Wednesday, January 19, 2011

A Visit from China

Sanmen plant The state visit of Chinese President Hu Jintao to these shores last week proved to be quite consequential in the nuclear sphere:

The Department of Energy’s National Nuclear Security Administration (NNSA) today announced the signing of a memorandum of understanding (MOU) with China that paves the way for the establishment of a radiation detection training center in Qinhuangdao, China.

The NNSA linked this to its Megaports initiative, which aims to mitigate proliferation concerns by squelching any smuggling of nuclear materials – and that means detecting radiation at ports. Megaports is currently focussed on Shanghai, but you can see a long list of port cities at the link where it has installed detection equipment. Qinhuangdao, where the training center will be, is also a port city, facing the Yellow Sea.

But wait – there’s more:

The Center of Excellence, to be jointly financed [by the U.S. and China], will be a place where technical information can be shared, training courses can be offered, and collaborations can be promoted to “enhance nuclear security in China and throughout Asia,” the White House says. “It will also help meet the training needs for China’s expanding nuclear sector, and promote nuclear security best practices throughout the region.”

No mention of the IAEA, which would seem to have a role here, but it does no harm for China to pick up tips and tricks from the American industry – safety culture and plant security are big topics here. As China starts to expand its nuclear base – we count 24 plants under construction there – the American experience will only help it.

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But government leaders are not the only ones shaking hands. Westinghouse (and businesses across many different spheres) used Hu’s visit as a way to announce new deals and partnerships in the rising (risen?) economic powerhouse.

Westinghouse Electric Co., a unit of Toshiba Corp., signed a two-year extension of a cooperation agreement with China’s State Nuclear Power Technology Corp. on continued deployment of its third-generation AP1000 reactor.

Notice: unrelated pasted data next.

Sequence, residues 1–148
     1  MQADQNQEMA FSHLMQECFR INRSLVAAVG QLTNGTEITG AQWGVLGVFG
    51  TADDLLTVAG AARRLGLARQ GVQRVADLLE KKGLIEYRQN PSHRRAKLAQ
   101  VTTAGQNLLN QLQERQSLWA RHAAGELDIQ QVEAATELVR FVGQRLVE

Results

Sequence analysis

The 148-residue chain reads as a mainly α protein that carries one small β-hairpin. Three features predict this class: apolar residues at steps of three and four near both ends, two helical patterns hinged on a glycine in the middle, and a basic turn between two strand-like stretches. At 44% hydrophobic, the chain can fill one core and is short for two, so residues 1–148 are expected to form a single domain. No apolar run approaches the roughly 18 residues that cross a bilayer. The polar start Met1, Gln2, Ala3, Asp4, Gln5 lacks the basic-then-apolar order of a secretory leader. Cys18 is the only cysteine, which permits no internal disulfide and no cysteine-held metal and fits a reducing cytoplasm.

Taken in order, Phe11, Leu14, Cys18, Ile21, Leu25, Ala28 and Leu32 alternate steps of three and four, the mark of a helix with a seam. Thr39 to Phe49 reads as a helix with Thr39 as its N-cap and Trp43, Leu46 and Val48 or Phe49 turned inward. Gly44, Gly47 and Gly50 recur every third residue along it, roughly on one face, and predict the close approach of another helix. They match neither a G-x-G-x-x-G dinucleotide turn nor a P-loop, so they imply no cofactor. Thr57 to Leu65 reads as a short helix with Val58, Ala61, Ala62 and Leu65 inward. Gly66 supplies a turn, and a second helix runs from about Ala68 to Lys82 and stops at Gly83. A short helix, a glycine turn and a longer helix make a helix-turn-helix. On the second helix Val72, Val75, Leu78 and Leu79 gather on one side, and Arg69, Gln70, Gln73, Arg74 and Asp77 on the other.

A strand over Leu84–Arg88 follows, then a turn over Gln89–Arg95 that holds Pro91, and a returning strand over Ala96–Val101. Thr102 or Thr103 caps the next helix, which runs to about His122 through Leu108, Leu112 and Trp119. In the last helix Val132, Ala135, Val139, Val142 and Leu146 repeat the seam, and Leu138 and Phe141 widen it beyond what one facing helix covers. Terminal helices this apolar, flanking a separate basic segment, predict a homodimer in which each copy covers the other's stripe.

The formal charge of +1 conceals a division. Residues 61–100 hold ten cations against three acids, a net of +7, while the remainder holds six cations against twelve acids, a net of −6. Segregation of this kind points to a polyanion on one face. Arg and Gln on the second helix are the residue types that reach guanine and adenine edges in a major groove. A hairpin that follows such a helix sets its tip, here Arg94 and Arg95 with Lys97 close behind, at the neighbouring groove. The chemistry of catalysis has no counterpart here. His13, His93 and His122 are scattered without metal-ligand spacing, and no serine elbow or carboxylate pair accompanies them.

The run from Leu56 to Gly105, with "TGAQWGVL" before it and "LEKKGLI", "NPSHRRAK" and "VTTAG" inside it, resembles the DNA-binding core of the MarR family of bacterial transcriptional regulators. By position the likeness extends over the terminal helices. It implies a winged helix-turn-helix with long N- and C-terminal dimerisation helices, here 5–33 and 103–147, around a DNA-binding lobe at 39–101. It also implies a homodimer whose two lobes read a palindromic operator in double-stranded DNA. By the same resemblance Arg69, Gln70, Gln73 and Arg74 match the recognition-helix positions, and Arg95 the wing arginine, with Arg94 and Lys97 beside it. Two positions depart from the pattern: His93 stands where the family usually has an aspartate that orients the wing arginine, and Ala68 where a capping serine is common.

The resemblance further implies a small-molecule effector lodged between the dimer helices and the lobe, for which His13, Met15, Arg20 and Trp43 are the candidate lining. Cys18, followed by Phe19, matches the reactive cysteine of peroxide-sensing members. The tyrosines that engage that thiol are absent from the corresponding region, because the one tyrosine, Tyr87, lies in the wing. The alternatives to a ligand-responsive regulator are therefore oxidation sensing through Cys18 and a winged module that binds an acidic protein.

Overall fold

China’s nuclear plants to date have been built mostly with French and Canadian technology, but Westinghouse’s AP1000 design and technology has proved a big hit.

“AP1000 will account for close to 60 percent of China’s future projects,” said Dave Dai, a Hong Kong-based analyst at Daiwa Securities Capital Markets Co. “AP1000 is also a key stepping stone for China’s goal to create a localized nuclear reactor manufacturing chain.”

That last part sounds like China’s going to do a cheap knock-off, but no. Westinghouse wants to set things up so China can do more of the work on building and supplying parts for the reactors without as much direct involvement with Westinghouse as it has now.

Westinghouse itself noted another deal that has not seen much pick-up in the news:

Westinghouse and China have also announced a series of other cooperative agreements, including a contract also announced today calling for Westinghouse to provide fuel fabrication equipment for the production of AP1000 fuel in Baotou, China. 

And “a nuclear-grade zirconium sponge facility in Jiangsu Province.”

All this sounds like Westinghouse is providing quite an economic boost – for China. I poked around a little bit and found this:

Westinghouse Electric Company has completed preparatory work on fuel for its AP1000 nuclear power plants and manufactured the first four fuel assemblies at the company's Columbia Fuel Fabrication Facility (CFFF) in South Carolina.  This fuel will be used at Sanmen Unit 1, located in the Zhejiang Province of China.

So it appears the U.S. is also seeing some stimulative action from Westinghouse’s activities. Good.

Getting started on Sanmen.

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